With two auditors peering over my shoulder—watching every move—I should have been nervous. Instead, I was laughing. That wasn’t the first time it’s happened. Some millennials aren’t sure what that electric thing is, the one sitting on the small oak table, clicking and clacking.
The puzzled look on their faces was a clue that they were clueless. It has a keyboard but no flat screen. When the young CPAs stopped snickering, I said, “This is one of my prized possessions. I dreamed about owning one for years. In 1988, I finally splurged and bought a top-of-the-line IBM typewriter.”
One of the auditors reached over and touched the tan plastic cover of the IBM 6781 with its “personal wheelwriter.”
“Careful,” I warned. “This has to last for the rest of my career, and I don’t plan to work a day past 90.”
While my world is filled with high-tech gadgets—with keyboards and screens large and small—I like sitting down at the tiny typing desk to address envelopes. And every time I do, I am back in Peachy Aspinwall’s 10th-grade typing class at Jesup High School.
“Class,” I can hear her saying, “start warming up, and I’ll give today’s assignment in a few minutes.” With that you heard a flurry of keys tap tap tapping and the click of her high heels on the tile floor, as she moved among the rows of students. I started on a manual Royal, but I will never forget the thrill and the pride when she promoted me to an electric typewriter.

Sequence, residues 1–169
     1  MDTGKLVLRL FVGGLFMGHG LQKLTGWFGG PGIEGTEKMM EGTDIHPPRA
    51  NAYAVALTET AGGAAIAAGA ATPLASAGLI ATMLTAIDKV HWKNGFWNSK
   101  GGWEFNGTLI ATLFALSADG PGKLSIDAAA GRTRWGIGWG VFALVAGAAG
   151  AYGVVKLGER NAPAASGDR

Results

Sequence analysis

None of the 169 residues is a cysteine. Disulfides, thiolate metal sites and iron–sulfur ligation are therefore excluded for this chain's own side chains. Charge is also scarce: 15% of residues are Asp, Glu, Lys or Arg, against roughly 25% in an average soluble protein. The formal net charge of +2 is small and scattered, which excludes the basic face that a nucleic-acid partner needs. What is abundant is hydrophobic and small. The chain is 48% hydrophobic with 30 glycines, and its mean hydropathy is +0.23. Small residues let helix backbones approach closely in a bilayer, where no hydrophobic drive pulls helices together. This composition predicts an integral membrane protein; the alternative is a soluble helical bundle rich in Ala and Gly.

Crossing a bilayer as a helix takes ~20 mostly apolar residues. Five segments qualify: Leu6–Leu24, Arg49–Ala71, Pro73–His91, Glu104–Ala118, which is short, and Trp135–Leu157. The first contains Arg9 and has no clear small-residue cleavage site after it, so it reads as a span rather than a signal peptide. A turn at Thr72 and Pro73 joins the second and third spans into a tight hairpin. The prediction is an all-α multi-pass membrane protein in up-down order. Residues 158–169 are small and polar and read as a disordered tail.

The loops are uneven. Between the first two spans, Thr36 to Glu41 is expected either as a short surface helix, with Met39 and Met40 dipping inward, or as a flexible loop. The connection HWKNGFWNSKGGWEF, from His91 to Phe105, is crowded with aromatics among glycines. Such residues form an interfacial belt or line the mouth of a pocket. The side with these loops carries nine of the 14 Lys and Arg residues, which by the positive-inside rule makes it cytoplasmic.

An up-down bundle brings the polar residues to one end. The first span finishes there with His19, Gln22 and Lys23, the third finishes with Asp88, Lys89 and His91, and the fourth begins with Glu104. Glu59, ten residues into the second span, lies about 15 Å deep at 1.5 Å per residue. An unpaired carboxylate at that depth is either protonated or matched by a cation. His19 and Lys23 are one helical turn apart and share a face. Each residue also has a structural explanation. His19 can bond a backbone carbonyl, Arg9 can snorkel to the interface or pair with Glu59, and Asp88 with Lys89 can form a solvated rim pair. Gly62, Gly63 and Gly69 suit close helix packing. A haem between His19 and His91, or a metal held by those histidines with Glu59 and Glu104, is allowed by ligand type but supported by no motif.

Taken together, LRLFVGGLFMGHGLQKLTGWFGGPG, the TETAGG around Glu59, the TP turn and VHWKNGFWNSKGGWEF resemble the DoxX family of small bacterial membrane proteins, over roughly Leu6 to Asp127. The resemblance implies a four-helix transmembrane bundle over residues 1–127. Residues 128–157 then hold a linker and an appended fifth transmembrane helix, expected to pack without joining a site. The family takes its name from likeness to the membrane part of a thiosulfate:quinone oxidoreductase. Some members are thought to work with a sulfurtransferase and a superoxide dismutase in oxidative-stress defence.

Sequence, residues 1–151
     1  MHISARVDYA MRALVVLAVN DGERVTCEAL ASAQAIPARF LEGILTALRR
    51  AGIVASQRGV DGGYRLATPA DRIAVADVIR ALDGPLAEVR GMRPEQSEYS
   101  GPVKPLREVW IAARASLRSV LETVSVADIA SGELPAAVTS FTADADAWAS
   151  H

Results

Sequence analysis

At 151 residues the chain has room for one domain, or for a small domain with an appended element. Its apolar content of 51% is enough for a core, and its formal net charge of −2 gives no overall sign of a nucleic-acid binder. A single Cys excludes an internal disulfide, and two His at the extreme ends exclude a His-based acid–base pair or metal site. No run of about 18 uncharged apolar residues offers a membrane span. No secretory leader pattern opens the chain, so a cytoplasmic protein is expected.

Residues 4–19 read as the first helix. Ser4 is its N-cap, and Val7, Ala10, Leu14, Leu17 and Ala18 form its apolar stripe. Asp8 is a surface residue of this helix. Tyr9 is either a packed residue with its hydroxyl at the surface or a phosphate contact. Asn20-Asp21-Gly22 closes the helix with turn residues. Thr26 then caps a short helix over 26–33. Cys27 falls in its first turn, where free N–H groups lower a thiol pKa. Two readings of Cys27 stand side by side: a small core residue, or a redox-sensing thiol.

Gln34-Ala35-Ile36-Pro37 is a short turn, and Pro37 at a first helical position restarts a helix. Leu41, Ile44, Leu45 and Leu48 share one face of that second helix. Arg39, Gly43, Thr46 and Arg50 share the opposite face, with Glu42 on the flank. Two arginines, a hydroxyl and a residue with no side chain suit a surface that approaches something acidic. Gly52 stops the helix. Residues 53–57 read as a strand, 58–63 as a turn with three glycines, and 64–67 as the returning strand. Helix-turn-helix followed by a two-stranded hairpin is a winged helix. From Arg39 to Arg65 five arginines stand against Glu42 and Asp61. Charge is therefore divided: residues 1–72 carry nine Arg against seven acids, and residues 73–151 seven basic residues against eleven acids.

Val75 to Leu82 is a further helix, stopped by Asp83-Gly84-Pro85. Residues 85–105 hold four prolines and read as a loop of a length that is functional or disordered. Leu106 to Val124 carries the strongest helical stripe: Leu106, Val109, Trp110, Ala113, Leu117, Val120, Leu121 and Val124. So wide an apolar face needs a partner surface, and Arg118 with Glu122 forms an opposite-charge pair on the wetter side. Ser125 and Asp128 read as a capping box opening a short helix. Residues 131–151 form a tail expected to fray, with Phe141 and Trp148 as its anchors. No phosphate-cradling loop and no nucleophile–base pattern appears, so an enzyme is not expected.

That was a coveted honor in her class, down the second hall and on the right.
Years later, after I started at the Wayne County Press, I couldn’t wait until I could afford to retire my Smith-Corona typewriter and trade up to the ultimate typing machine—an IBM. Today, I like to shift into the bold mode on the keyboard. It makes rapid-fire staccato sounds, as if I am typing twice as fast.
Old guys need to have fun, too.
So how’s this for funny?
In October 1988, we started negotiating to buy Community Newspapers Inc. Hubert Howard was the attorney for my partners and me. Michael Jacobs, the C&S investment banker in Atlanta, offered to fax the documents to Jesup. “What’s your fax number?” Michael asked.
“Uhhh,” I said, “we don’t have a fax machine.”
He was nice and didn’t laugh. Instead, he asked, “Do you know your attorney’s fax number?” “I will call you back,” I said.
Hubert didn’t have a fax, either. However, his ever-efficient and loyal assistant, Winifred Thrift, did have the latest magnetic-tape-fed-and-memory IBM word processor, a whiz-bang typewriter. With a company credit card, The Press-Sentinel’s ever-efficient and loyal business manager, Lynn Rice, raced to Savannah to purchase two newfangled facsimile machines—one for 252 W. Walnut St. and the other for Hubert’s office on Brunswick Street.
Today, our fax machines mostly gather dust. With the internet, word documents and PDFs, our computers do most of the heavy lifting of sending and receiving. Yeah, I know my computer will address those envelopes, too.
But just when super-smart millennials think they know everything about everything, my 30-year-old typewriter proves that they don’t. So, don’t expect me to give up showing off my prized IBM any time soon.
Old guys need a chance to snicker, too.